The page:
Globally Unique. Mindset Changing. Applying Human Factors to SCUBA Diving
The majority of diver training agencies have a 'fundamentals', 'essentials' or similar class to make sure buoyancy and trim are sorted before progressing to technical or cave diving
Most accidents and adverse events in diving are not down to undetected technical failures, poor buoyancy or incorrect trim, but rather a breakdown in communication, poor decision-making or a lack of situational awareness, or more likely a chain of events which are based around these human factors and nobody provides training in this subject in a holistic manner.
Until now...read on...
The online micro-class (3 hrs) provides an introduction to the subject of human factors skills/non-technical skills in the context of diving with 15-20 minute modules. This is ideal for someone who wants to gain a basic understanding of the subject and how to apply it to their diving to reduce stress, have more fun and improve their performance and safety.
Two classes within the webinar-based programme (each 10 hrs). The first focuses on leadership diving (DMs, Instructors and Instructor trainers) and the second for divers in higher risk areas such as CCR, Cave and Technical diving. Each course has case studies to demonstrate the value and applicability of these skills to your diving.
Two classes provided. Core topics (2 days) and has a minimal amount of theory with the majority of time spent using GemaSim to develop these skills. The Advanced class (3 days) uses video debriefing techniques to really build the skills as well as a whole day on the Process Communication Model to improve teamwork and communications.
On Jan 15, 2009, an Airbus A319 landed on the river Hudson after encountering a massive birdstrike which killed both engines. Capt. Sullenberger's piloting skills were impressive, but his teamwork, leadership, situational awareness, decision making and communications are what really saved the day. These are known as non-technical skills or human factors skills.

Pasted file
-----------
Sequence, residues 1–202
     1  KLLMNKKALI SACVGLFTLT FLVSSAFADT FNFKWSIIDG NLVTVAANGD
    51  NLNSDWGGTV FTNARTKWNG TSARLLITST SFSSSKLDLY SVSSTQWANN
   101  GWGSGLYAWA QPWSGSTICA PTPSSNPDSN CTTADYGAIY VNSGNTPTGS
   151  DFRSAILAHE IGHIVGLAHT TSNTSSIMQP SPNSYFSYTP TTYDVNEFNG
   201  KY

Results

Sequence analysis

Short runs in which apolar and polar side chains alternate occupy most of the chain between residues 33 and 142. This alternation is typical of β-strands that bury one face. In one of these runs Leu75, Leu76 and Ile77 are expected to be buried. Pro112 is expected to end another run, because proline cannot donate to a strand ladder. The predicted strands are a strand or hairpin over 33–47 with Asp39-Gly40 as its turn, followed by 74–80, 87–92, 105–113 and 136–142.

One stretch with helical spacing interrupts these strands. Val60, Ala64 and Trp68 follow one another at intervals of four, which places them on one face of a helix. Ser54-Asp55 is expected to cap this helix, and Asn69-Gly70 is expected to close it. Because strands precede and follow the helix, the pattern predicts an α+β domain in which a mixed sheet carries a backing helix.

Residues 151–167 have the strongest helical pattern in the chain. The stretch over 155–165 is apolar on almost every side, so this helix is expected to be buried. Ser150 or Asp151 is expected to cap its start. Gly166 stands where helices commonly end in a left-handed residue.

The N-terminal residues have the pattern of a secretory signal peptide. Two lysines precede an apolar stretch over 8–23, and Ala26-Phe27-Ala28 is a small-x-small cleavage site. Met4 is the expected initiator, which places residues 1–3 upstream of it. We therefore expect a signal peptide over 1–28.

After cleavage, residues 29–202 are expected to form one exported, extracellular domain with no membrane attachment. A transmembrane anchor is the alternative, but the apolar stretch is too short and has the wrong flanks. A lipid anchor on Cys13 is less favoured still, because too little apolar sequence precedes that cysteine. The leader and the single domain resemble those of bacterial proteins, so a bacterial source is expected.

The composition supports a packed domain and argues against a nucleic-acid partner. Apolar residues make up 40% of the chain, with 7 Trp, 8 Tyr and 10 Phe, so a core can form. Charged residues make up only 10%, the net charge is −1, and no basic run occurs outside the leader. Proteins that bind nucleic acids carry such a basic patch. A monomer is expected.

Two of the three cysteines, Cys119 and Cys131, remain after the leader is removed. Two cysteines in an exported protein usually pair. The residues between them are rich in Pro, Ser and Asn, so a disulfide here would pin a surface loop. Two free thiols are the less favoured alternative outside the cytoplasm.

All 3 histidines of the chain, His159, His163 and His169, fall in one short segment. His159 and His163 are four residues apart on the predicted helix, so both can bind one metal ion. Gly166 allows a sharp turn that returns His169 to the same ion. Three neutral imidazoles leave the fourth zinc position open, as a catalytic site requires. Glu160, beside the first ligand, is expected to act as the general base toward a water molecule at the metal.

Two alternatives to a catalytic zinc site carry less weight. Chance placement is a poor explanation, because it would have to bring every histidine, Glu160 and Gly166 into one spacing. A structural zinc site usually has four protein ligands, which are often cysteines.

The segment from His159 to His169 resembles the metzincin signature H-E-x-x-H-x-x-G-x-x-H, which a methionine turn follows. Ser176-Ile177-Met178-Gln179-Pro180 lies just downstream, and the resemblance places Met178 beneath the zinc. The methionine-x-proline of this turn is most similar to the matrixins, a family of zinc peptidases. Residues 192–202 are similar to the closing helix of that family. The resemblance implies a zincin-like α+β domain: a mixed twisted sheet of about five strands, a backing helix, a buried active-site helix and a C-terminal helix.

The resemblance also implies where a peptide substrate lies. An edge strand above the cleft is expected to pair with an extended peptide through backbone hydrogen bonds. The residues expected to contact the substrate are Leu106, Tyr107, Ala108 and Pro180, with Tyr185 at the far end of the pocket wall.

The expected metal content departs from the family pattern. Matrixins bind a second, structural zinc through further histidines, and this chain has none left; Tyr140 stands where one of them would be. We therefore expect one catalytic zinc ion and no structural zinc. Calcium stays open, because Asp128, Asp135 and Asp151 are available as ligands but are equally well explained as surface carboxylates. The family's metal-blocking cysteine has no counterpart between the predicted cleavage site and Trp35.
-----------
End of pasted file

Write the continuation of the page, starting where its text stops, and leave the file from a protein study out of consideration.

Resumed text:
The classes provided by the Human Factors Academy for the diving community are based on the syllabi used by high reliability organisations like the Royal Air Force, the CAA, the FAA and the Royal College of Surgeons to ensure aircrew and surgeons can operate at the highest levels of excellence.
These skills are equally applicable to diving, be that as an instructor or as a cave, technical or CCR diver. In 2011, the UK HSE recommended that CCR divers should undertake HF training as a way of reducing incidents and improving diving safety. This training fills that gap for the diving community.
These courses do not focus on the technical aspects of diving but rather decision making, situational awareness, communications and cooperation skills, and crucially, their interdependence.
Research indicates that diving incidents are rarely down to undetected technical issues rather they are impacted by the variability of human performance. i.e. we make mistakes, errors and break the rules!
Divers spend plenty of money on the 'shiny' stuff but how often do you consider improving the grey matter between your ears? That grey matter has far more impact on your safety than the latest gadget...
"Is the micro-class worth doing? Absolutely. Regardless of agency, current skill set or certification, this course will increase your overall awareness of awareness, stress management and leadership resulting in a more effective individual and team performance, both in diving, and in ‘the real world. "
"This programme really focuses on the foundational reasons/factors contributing to enhanced safety/accidents. It really puts the spotlight on what we need to look at to improve safety. Highly recommended for all divers, but especially high risk and leadership divers."
"The class and subject are imperative for dive teams, organisations and individuals to progress in a quantum step. Each diver knows the mental attributes of the discipline is of paramount importance. Gareth has given the discipline a path to success in these avenues."
"This micro-class will provoke more thoughts about awareness, team building skills, peer pressure, stress, how to be a good leader and follower, task loading, and taking steps to becoming safer. It doesn't matter the agency you've learned from or the level of diver you are. This is something that everyone can learn from and evaluate themselves and what they can do differently."
High performance requires a level of commitment. Are you ready for that challenge? If this subject really interests you and you want to take your learning to the next level, visit the pages below. Practice doesn't make perfect, perfect practice makes perfect.
"If you think your team is high performing, take the micro-class and find out how much you don't know you don't know. If you want to _make your team_ higher functioning, achieve more, have more fun, take the two-day class. A must for instructors, team divers and leaders of diving projects."
Weekly blogs alternating between theory and an incident discussion, details of forthcoming courses and deals, and general snippets of information to improve the fallible diver...
PS We won't share, sell or handover your personal details. We like our privacy too.